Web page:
The 2012 Annual Retail Report from FTI Consulting, Inc., a global business advisory firm, finds consumer confidence is approximately 25 percent higher entering the 2012 holiday shopping season than it was a year ago. The report forecasts U.S. holiday spending will increase 4.5 percent this year and projects that online retail sales in the U.S. will grow by 13.5 percent in 2013, surpassing $250 billion, and eventually will top $460 billion in 2020. It also predicts market share of online sales will approach 15 percent of retail sales by 2020 and plateau near that percentage. The online channel has bounced back sharply from the recession and has consistently grown at about three times the rate of store-based sales. Consumers have become savvy using the Internet for research and shopping and implicitly trust it as a transaction medium. The broad use of smartphones and tablets gives consumers the unprecedented ability to comparison shop anytime, anywhere.
FTI Consulting estimates that if the economic recovery continues at its current pace, it will have taken between five and seven years for sales in many non-essential product categories to reach their pre-recession levels. While retail sales have improved since 2010, the progress has been relatively modest compared with the sharp declines experienced during the recession. Sales of autos and categories impacted by the housing bust, including home improvement, furniture and appliances, still trail pre-recession sales levels of 2007. Nominal sales growth in these categories remains positive but not strong enough to make up all ground lost in 2008-2009.
“Overall, consumer spending trends have been fairly impressive considering the financial anxieties still felt by many Americans,” says Bob Duffy, global co-leader of the FTI Consulting Corporate Finance/Restructuring practice. “Despite slowing momentum in recent months and lingering concerns over income growth and employment prospects, sales growth trends have managed to stay within the range of historical averages. We find consumer spending across a number of product and store categories to be fairly encouraging and anticipate this vigor will continue through the holiday shopping season. High-end retailers, as well as deep discount and off-price chains, should perform well in the current environment.”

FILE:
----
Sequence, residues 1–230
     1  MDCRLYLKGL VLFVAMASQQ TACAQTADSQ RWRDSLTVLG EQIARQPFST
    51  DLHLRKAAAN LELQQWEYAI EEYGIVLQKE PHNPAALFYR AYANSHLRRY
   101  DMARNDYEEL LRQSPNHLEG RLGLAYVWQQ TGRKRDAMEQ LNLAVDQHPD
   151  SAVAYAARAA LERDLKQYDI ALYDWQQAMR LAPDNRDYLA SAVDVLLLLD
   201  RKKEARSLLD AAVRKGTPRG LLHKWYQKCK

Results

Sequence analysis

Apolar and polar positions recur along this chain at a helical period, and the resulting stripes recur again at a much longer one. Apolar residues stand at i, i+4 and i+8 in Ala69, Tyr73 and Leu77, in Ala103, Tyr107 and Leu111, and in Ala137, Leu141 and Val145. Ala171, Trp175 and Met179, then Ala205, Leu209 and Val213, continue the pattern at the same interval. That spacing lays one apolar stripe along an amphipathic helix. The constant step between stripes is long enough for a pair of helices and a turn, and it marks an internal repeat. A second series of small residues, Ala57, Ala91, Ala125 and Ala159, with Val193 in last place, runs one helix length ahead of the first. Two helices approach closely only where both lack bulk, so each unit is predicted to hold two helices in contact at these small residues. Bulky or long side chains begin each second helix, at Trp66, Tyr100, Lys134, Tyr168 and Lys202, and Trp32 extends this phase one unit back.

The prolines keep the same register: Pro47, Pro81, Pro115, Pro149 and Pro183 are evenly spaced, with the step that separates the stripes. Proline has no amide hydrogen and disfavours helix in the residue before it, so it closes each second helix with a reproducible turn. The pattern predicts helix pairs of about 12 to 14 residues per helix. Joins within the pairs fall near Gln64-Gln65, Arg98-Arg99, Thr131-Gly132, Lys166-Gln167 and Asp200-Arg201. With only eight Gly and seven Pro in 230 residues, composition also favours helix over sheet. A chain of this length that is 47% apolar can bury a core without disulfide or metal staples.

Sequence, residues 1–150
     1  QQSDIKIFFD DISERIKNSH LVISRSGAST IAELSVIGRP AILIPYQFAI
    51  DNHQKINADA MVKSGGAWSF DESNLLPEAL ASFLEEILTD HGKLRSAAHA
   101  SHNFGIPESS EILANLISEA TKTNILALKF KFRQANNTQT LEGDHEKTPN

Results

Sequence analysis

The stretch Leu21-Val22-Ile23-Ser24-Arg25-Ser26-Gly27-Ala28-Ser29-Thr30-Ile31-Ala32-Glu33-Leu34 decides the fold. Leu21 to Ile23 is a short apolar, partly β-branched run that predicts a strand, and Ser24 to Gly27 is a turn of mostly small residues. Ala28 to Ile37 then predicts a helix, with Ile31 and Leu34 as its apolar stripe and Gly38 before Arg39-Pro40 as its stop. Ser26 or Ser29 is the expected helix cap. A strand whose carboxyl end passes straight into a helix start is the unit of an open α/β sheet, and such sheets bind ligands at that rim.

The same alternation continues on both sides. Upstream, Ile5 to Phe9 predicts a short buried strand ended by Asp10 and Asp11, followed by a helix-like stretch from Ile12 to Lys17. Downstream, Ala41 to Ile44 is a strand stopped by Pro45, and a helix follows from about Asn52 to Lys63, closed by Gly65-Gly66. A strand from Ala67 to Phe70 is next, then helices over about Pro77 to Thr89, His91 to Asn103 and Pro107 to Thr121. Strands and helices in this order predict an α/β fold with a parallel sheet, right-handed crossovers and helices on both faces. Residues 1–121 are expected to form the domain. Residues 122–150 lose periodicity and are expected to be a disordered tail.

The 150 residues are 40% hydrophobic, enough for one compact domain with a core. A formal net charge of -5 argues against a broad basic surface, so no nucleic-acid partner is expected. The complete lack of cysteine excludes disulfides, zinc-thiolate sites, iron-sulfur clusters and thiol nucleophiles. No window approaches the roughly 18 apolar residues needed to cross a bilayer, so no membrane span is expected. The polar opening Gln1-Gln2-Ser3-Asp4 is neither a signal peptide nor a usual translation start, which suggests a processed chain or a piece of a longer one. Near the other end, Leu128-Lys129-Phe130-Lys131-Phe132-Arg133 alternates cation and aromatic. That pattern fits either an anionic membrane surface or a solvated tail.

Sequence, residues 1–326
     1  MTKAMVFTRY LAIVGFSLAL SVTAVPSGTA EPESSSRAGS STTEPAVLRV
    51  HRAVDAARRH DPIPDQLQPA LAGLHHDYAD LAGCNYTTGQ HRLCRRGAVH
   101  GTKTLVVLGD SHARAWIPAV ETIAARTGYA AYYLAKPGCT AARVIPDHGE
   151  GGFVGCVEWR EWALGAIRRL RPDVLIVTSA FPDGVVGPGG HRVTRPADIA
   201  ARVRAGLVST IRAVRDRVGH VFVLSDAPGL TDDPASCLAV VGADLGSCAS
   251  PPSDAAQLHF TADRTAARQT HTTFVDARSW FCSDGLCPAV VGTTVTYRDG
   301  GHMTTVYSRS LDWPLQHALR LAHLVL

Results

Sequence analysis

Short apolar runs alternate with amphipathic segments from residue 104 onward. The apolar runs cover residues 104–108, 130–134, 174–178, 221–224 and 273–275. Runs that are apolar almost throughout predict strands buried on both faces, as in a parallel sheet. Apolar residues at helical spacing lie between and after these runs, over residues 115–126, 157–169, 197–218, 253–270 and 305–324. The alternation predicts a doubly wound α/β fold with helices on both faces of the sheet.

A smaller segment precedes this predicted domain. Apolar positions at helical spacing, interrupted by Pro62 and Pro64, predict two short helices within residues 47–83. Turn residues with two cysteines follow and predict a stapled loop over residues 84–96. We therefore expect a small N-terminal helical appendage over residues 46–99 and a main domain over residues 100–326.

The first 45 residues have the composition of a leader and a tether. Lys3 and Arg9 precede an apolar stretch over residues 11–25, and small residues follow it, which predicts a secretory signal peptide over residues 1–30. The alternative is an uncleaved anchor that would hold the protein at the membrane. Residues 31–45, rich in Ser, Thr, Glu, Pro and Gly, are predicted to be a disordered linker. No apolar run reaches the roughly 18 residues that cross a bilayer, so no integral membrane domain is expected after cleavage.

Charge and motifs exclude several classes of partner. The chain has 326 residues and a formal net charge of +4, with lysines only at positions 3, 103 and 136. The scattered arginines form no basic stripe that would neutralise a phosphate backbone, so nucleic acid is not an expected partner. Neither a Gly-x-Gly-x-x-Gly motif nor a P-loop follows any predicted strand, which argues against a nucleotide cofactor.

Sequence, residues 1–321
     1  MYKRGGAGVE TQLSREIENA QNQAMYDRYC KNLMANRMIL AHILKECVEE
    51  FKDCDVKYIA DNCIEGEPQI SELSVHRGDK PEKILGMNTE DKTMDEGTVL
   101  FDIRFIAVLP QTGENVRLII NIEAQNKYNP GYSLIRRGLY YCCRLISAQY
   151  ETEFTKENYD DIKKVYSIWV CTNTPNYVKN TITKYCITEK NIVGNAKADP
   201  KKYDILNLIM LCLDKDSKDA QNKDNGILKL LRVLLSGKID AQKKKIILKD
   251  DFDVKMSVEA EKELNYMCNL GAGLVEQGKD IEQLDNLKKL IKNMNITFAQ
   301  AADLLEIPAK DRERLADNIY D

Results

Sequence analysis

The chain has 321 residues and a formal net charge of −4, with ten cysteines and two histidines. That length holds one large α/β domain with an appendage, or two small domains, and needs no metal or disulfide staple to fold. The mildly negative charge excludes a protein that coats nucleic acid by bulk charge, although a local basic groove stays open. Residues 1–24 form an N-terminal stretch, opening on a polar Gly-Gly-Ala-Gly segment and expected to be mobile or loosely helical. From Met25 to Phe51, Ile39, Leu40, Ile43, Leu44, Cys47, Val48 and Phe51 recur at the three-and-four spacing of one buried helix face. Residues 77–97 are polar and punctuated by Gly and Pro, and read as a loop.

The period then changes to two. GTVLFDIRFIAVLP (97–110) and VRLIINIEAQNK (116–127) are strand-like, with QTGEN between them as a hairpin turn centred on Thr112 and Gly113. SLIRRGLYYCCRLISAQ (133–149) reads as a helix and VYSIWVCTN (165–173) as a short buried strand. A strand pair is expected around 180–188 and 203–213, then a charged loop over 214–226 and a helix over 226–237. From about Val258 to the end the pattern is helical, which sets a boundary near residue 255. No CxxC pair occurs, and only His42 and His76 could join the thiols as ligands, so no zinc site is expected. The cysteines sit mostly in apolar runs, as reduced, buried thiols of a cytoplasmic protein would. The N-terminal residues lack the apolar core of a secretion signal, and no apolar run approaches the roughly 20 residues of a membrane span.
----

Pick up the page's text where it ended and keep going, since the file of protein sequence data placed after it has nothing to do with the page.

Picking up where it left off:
Steve Coulombe, senior managing director in the FTI Consulting Corporate Finance/Restructuring practice, adds, “The online channel remains a game changer for large retail chains, and many have turned what once was regarded as a threat into an opportunity. Online is taking a bigger slice of the pie, and we are seeing large product categories with smaller but sizable online market shares such as apparel, home furnishings, toys and sporting goods becoming the moving force behind today’s growth of online sales.”
The 2012 Retail Report considers retail sales in the GAFO categories (general merchandise, apparel, furniture and home furnishings, and other miscellaneous categories) and non-store sales for November 2012 through January 2013.